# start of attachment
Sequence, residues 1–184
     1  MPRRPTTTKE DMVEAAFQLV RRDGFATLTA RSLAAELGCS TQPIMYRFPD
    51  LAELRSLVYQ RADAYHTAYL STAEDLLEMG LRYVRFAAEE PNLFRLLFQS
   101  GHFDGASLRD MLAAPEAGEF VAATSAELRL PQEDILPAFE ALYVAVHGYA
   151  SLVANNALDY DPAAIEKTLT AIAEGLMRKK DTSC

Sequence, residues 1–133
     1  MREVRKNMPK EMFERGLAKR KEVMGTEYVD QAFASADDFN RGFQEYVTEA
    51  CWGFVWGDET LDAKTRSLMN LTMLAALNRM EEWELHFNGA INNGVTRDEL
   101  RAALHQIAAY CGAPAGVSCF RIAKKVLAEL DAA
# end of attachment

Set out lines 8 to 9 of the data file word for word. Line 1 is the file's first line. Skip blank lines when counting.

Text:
    51  CWGFVWGDET LDAKTRSLMN LTMLAALNRM EEWELHFNGA INNGVTRDEL
   101  RAALHQIAAY CGAPAGVSCF RIAKKVLAEL DAA